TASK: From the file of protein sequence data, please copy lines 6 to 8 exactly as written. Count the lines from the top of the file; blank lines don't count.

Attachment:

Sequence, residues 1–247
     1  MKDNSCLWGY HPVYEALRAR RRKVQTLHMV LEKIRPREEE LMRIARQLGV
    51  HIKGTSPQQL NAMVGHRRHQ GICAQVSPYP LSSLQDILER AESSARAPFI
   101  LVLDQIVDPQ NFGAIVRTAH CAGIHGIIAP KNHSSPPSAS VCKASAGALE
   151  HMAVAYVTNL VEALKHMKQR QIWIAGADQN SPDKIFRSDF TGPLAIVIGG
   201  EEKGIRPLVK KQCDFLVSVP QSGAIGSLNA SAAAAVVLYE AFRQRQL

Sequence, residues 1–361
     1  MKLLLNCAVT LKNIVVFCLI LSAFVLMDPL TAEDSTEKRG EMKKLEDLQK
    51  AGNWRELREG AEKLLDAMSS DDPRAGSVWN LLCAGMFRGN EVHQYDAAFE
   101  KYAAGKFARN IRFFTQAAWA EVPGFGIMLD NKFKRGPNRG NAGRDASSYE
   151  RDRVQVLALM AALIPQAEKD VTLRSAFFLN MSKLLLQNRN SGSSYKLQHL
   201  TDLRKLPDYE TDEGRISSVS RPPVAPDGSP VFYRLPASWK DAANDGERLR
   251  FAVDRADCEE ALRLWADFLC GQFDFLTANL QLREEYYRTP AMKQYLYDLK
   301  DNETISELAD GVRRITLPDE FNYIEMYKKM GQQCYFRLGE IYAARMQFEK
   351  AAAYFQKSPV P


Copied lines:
   201  EEKGIRPLVK KQCDFLVSVP QSGAIGSLNA SAAAAVVLYE AFRQRQL

Sequence, residues 1–361
     1  MKLLLNCAVT LKNIVVFCLI LSAFVLMDPL TAEDSTEKRG EMKKLEDLQK